In the 1980s, U.S. officials considered storing nuclear waste in Sandy Mush just outside of Asheville. Residents fought the proposal, and it was tabled — but not forgotten. On Jan. 7, a busload of area residents met before dawn in Asheville; with the aim, in part, of making sure Sandy Mush didn't crop up again as an option, they headed to Augusta, Ga., for a meeting of the Blue Ribbon Commission on America's Nuclear Future. Xpress talked with two folks who took the trip that day — alternative-energy advocate Ned Doyle and photographer Jerry Nelson. [Scroll down to find the audio interview.]
A little background on the commission: Convened almost one year ago under the Obama administration and Energy Secretary Steven Chu, the Blue Ribbon Commission is charged with reviewing almost all things nuclear: "conduct[ing] a comprehensive review of policies for managing the back end of the nuclear fuel cycle and to provid[ing] recommendations for developing a safe, long-term solution to managing the Nation’s used nuclear fuel and nuclear waste," according to a commission press release that previewed its first meeting in March 2010.
"The Commission is made up of 15 members who have a range of expertise and experience in nuclear issues, including scientists, industry representatives, and respected former elected officials. The Commission will produce an interim report within 18 months and a final report within 24 months," the statement continues.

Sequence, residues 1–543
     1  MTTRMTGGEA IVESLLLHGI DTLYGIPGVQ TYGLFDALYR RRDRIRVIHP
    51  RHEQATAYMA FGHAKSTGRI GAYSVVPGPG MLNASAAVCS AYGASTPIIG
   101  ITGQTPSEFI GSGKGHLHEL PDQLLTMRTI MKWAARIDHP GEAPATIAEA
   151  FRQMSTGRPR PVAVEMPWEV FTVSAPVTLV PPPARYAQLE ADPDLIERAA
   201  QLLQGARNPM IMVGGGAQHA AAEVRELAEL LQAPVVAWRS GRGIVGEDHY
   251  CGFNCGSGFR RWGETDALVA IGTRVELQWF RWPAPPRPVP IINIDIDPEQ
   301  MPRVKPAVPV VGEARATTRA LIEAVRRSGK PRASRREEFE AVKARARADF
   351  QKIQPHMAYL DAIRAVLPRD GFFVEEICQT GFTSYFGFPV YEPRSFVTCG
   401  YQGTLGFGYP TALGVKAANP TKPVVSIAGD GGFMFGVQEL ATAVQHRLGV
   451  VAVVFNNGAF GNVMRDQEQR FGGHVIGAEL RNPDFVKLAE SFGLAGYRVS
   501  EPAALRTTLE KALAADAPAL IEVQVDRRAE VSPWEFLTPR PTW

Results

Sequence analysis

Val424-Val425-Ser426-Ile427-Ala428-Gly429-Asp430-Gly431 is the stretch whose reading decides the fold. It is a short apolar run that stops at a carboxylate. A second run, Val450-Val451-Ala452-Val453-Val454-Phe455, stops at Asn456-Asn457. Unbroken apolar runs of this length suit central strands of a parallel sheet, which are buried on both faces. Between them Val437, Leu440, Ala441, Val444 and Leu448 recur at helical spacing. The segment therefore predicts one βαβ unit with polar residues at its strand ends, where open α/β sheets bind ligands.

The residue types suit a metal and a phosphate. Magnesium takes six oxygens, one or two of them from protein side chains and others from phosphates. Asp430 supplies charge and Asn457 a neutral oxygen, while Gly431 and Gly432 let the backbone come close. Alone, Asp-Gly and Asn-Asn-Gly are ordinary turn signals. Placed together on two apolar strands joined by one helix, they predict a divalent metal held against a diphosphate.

For more about the issue and about the Sandy Mush area, here are a few links:
About Sandy Mush: http://www.mountainx.com/news/2007/122607easements
Asheville City Council's decision about hazardous waste traveling the region: http://www.mountainx.com/news/2008/120308asheville_city_council
A nuclear-fuel leak in 2004: http://www.mountainx.com/news/2004/0707uranium.php
A statement by Ned Doyle about the trip: http://www.mountainx.com/blogwire/2011/a_blue-ribbon_nuclear_bus_ride
A July 2010 blog about the Sandy Mush-nuclear history http://ncmountainpolitics.blogspot.com/2010/07/will-sandy-mush-get-nuclear-waste.html
CREDITS: The Local Matters theme music is "jam band spy song" by E. Lee Photography by Jerry Nelson (for more of his photos, click here). Audio editing and technical assistance by Steve Shanafelt. Research, interview and blog-post text by Margaret Williams.